This action, that we as Anglicans continue to perform as successors to the Apostolic tradition, is specifically done to set apart bishops, priests, and deacons- but generally speaking all of the people of God are set apart as priests with the laying on of hands by the bishop in Holy Baptism. (As a side note, bishops no longer lay hands and anoint every baptized person with chrism, but chrism is blessed by the bishop and priests anoint the newly baptized with chrism in the name of and on behalf of the bishop, and the newly baptized are sealed by the Holy Spirit and made Christ’s own forever.) It is this being set apart in baptism that unites all of us to Christ’s priesthood and calls each of us to participate in some way in Christ’s mission in the world. Holy Orders only sets apart those already called to share in Christ’s eternal priesthood to exercise special ministries of oversight, leadership, teaching and pastoral care. These men and women are called to serve, empower, equip and bless the baptized so that they can exercise the ministries to which they have been called. One of the primary ways that the ordained equip the baptized is through preaching and the administration of the Sacraments. But we ordained clergy are also called to live lives worthy of the Gospel, so that, as St Francis put it, we are able to preach the Gospel at all times, sometimes without words.

But then, all of the baptized are called to live lives worthy of the Gospel, and we all are called to proclaim the Good news of God in Christ in word and deed. This calling is particularly clear in the Epistle reading appointed for today from 1 Peter 2. These words come from the early Christian community’s instruction for the baptized- and may contain parts of an ancient baptismal hymn- which describe for the catechumen- that is the one awaiting baptism- what this community in Christ is like. This instruction in 1 Peter teaches that the baptized are members of a royal priesthood, a holy nation- a people set a part by God as living stones that are built upon Jesus Christ the Cornerstone and joined together by the Holy Spirit to be a Temple where God’s presence may be found. As priests we share in Christ’s priesthood and offer sacrifices of praise to God- not only as we offer the Holy Eucharist- but also as we offer the sacrifice of a holy life which bears witness to the love of God in Christ.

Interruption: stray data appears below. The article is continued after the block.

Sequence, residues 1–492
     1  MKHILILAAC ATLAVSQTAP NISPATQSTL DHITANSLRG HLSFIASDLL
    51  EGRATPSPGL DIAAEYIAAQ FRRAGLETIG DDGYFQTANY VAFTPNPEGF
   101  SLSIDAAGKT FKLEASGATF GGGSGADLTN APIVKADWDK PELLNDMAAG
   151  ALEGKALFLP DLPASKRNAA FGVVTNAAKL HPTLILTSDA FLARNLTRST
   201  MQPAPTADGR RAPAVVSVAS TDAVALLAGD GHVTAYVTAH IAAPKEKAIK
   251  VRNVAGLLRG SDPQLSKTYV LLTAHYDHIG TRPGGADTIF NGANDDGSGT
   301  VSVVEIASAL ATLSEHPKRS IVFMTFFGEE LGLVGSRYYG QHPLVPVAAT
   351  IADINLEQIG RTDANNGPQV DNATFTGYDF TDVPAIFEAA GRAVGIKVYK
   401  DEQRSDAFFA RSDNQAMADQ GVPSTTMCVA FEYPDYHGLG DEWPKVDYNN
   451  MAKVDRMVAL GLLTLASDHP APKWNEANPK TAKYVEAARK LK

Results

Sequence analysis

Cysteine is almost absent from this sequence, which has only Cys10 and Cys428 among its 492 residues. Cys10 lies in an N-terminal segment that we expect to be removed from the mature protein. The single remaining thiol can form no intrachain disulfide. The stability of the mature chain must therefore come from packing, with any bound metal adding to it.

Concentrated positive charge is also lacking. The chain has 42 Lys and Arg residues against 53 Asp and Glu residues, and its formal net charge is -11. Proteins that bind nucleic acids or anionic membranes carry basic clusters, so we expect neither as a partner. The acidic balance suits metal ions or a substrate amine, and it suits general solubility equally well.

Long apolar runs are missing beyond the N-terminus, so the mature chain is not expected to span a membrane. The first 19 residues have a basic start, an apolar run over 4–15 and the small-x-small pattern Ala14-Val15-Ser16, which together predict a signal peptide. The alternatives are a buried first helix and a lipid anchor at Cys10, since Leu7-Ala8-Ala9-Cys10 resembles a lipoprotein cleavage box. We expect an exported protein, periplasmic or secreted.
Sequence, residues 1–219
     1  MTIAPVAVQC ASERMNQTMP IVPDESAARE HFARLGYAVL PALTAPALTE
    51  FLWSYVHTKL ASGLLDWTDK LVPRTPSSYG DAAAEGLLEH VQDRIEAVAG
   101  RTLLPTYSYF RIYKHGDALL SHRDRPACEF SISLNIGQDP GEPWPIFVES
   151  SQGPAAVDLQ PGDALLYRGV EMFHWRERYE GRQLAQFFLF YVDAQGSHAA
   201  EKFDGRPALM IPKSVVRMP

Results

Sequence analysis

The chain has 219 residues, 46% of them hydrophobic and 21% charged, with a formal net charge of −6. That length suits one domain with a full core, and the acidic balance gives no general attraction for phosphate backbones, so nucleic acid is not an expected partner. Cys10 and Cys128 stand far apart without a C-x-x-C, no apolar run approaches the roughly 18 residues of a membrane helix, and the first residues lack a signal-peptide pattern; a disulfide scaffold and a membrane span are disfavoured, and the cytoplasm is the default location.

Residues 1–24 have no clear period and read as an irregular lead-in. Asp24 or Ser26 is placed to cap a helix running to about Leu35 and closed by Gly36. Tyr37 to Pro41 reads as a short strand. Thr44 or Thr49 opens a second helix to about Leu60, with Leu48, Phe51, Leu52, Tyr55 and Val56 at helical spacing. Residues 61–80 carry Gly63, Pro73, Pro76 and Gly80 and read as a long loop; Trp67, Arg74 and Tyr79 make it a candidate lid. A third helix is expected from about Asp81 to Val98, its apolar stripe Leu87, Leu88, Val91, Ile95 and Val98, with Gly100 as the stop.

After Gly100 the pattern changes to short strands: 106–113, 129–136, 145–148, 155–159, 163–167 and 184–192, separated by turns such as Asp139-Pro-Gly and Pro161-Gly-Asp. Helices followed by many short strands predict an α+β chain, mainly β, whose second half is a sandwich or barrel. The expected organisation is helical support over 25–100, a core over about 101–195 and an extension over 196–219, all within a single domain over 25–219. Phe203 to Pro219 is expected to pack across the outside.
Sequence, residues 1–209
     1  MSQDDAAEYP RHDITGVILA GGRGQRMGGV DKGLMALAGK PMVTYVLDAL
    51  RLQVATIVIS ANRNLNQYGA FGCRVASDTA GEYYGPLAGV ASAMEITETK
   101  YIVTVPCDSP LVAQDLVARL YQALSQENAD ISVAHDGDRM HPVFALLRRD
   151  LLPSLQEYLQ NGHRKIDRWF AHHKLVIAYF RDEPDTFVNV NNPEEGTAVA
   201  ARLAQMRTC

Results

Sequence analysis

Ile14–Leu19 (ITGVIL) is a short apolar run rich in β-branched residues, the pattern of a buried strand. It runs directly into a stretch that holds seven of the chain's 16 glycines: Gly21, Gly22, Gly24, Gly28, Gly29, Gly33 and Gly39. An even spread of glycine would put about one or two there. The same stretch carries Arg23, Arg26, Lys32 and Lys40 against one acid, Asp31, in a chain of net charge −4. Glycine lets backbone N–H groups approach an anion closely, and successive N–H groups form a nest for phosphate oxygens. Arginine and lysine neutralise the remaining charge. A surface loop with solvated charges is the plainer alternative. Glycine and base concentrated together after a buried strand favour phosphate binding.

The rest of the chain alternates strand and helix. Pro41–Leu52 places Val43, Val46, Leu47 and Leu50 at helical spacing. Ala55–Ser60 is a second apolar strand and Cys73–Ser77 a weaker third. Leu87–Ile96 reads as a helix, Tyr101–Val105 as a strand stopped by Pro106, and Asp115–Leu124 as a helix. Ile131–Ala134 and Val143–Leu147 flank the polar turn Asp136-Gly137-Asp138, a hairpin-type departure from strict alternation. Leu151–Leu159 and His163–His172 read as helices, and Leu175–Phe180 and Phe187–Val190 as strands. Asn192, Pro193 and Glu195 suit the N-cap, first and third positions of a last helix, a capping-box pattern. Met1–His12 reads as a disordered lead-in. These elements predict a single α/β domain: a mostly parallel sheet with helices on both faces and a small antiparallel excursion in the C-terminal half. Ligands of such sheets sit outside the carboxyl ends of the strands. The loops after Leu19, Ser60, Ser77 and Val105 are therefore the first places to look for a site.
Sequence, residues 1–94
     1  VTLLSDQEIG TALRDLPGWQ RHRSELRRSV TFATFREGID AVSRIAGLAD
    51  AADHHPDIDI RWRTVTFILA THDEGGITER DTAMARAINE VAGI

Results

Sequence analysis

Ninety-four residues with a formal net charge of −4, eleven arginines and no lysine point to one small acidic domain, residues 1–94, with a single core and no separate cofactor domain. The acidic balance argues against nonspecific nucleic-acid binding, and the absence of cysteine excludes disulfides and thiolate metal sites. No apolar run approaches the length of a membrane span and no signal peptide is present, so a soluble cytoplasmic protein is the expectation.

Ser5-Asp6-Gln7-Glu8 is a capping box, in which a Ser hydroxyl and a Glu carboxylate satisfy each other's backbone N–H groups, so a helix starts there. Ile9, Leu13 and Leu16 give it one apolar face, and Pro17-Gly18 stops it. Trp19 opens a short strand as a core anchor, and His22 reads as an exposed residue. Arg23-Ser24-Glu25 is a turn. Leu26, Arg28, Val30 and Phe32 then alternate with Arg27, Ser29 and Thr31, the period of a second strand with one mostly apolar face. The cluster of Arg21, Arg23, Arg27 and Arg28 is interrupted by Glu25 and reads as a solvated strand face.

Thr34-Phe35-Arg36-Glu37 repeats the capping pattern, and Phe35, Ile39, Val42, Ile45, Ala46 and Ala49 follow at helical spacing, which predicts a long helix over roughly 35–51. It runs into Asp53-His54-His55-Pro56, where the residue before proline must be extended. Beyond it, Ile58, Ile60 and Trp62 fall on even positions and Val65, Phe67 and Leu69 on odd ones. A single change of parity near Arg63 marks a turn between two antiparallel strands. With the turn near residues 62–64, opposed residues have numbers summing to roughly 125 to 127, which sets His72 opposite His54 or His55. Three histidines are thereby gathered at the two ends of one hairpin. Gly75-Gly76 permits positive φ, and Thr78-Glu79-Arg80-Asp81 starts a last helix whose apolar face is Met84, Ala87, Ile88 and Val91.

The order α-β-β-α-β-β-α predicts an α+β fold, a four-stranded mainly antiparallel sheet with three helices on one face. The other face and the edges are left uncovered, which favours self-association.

The catechism in the Prayer Book asks:

Q. Who are the ministers of the Church?
A. The ministers of the Church are lay persons, bishops,
priests, and deacons.
Q. What is the ministry of the laity?
A. The ministry of lay persons is to represent Christ and his
Church; to bear witness to him wherever they may be;
and, according to the gifts given them, to carry on
Christ’s work of reconciliation in the world; and to take
their place in the life, worship, and governance of the

Each of us, whether we are set apart for service to the world in Baptism, or set apart to equip and nurture the faith of the baptized in Holy Orders, are called to participate in the priesthood and ministry of Jesus Christ, according to the gifts which the Holy Spirit has given us. Being an ordained clergy person does not make one closer to God or holier than other Christians. Yes, because of our training we are often better equipped to interpret scripture and preach the Gospel, and only the ordained may administer the Sacraments- other than baptism, which is valid if any baptized person administers it. But those distinctions are only differences of calling and ministry. The ministry of presence and compassion, the ministry of hospitality, the ministry of teaching and spiritual nurture, the ministry of music and artistic prayer, the ministry of healing and love, the ministry of the stewardship of this house of prayer and all other ministries in which we are involved are as important as what we priests do when we proclaim the Gospel and administer the sacraments. All that we do is rooted in the work that Jesus Christ has done to reconcile all to God, and to bring about God’s Reign of Peace and Justice. All of our ministries proclaim the Love of God and make visible the Body of Christ and the life of God in the world. So, be thankful for those God has called and will call to holy orders. Pray that God would call faithful men and women to the service of the Church- and pray for us who are already ordained- Lord knows we need your prayers. But also be thankful that you have been gifted by the Spirit and called to share in Christ’s priesthood. Pray that God will show you how to best use your gifts in the church and in the world- so that all might come to know the loving embrace of God
:: posted by Padre Rob+, 8:58 AM


Add a comment